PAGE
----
This morning, I’m sitting at the Pret a Manger on Cornmarket Street in Oxford with a cobbled together breakfast—a cup of fruit, a chocolate bar made with digestive biscuits, and a cappuccino. The man behind the counter surprised me by stenciling a Union Jack on top of the frothed milk in cocoa powder and I find myself staring at it, reluctant to disturb the pattern by taking a sip.
Actually, I’m thinking something through. I had planned to visit Blenheim Palace today, the grand country estate at which Sir Winston Churchill was born in 1874, but the sky overhead is threatening rain, and I’m tired and not much in the mood to walk to the train station in search of a bus to take me there. Instead, I check my notes and see that the Tourist Information Office offers a two-hour walking tour titled “The University and the City.” I glance down at my watch and see that there’s still time to buy a ticket, but first I need to visit an ATM to get cash.
On my way back to the TI on Broad Street, I find a Barclay’s branch with an automated teller on Turl and pop my card into the slot. There’s a sketchy guy pacing behind me, which makes me nervous, so when the money comes out I grab it quickly along with the receipt and tuck it into the back of my wallet. As I turn to go, a sense of horror washes over me. I look down and realize that my card wasn’t ejected. It’s been eaten by the machine and there’s nothing I can do about it, especially on a Sunday.
Feeling deflated, but determined not to let it spoil the day, I decide to join the tour as planned. Our guide’s name is Linda and she leads us first to the Divinity School to see a magnificent vaulted ceiling that dates from 1483. We also walk through the Exeter College chapel and the city’s covered market, which has been active since the late 18th century. We emerge onto High Street and continue on past Oriel College and Merton College, and along the way I take pictures of nearly every gargoyle and grotesque I see clinging merrily to the stone façades, but my heart isn’t in it. I’m counting Pounds Sterling in my head and wondering if I have enough to get me through all the way to Edinburgh. I use my credit card for hotels and most meals, so I’m sure to get by, but I feel vulnerable nevertheless.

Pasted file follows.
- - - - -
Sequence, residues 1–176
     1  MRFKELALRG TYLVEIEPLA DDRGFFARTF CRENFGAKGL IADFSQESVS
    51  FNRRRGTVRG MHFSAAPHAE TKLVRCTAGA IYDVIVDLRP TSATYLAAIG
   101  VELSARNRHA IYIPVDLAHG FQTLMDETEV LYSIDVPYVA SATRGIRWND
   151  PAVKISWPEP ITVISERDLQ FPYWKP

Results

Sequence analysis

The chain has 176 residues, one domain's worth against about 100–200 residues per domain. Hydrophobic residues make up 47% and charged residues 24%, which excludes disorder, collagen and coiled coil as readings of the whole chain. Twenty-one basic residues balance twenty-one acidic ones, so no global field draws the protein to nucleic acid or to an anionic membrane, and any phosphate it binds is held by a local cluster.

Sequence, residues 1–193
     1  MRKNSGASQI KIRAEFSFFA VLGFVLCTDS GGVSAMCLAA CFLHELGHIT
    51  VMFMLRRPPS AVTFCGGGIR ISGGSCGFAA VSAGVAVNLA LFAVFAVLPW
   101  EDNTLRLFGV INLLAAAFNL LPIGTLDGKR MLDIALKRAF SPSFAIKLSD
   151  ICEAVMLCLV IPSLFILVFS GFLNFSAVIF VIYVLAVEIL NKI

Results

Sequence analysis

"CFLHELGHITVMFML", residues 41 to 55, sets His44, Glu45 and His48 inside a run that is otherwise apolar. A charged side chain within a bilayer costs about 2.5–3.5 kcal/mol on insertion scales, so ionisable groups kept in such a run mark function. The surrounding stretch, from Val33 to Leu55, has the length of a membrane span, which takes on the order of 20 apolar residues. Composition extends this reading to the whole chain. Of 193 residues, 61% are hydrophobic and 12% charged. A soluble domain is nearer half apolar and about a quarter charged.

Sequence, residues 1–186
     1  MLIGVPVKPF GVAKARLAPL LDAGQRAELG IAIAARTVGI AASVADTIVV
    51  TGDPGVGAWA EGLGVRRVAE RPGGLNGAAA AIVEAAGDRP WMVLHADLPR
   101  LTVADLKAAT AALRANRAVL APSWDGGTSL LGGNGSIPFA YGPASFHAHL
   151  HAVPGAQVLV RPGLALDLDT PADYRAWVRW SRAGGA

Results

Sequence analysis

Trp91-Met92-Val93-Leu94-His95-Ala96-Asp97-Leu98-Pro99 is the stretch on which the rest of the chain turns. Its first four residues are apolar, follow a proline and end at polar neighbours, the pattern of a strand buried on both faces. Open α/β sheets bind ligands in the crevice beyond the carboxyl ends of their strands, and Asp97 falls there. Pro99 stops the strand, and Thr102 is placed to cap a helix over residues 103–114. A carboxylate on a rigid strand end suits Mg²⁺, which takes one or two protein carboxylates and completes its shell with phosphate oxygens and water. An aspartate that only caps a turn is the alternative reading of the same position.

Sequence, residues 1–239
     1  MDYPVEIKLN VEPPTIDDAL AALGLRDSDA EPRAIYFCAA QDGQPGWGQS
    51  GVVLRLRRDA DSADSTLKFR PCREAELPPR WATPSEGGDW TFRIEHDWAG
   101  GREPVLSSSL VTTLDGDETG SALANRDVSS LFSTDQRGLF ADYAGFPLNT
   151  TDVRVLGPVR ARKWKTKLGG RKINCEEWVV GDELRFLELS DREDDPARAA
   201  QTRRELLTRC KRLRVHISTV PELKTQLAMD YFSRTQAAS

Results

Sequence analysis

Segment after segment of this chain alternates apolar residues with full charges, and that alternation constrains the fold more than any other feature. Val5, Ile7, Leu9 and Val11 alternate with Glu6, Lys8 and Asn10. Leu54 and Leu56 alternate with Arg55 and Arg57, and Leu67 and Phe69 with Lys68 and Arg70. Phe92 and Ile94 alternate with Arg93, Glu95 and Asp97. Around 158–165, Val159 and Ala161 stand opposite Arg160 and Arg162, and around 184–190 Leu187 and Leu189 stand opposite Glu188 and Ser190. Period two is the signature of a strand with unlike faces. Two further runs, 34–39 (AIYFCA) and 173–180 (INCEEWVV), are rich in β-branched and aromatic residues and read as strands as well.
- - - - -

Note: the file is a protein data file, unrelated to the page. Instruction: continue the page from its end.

After the tour, I walk morosely back to the hotel to call my bank and tell them what has happened. Then, as luck would have it, I pull out my wallet and find the card stuffed between the bills and the paper receipt. In haste and without conscious thought, I must have pulled it out and folded everything together. Suddenly, I feel stupid. Ridiculously, embarrassingly stupid. And old. Surely, this is the start of a slippery slope toward senility. But on the bright side, my ATM card has rematerialized before my very eyes and it has not yet been cancelled by the clerk on the phone. Thank the Lord!
With a new found spring in my step, I head back into the city intent on spending a lazy afternoon wandering the eccentric halls of the Pitt Rivers Museum, with its clutter of shrunken heads and powder horns and Japanese nesuke. Afterwards, I move on to the endless galleries of the Ashmolean, where it’s easy lose oneself among the Egyptian artifacts. But I find myself struck most by a view of Oxford painted in 1810 by Joseph Mallord William Turner because—cars and pavement notwithstanding—it looks nearly identical to the High Street that exists today.
My legs give out shortly after five and I’m starving, so I opt for an early dinner at Jamie’s Italian, a chain owned by the celebrity chef, Jamie Oliver. I order a plate of sweet roasted peppers on chickpea flatbread to start, and follow that with a massive bowl of Tagliatelle Bolognese, which disappears quickly and happily into my stomach. I need to keep up my energy for things to come.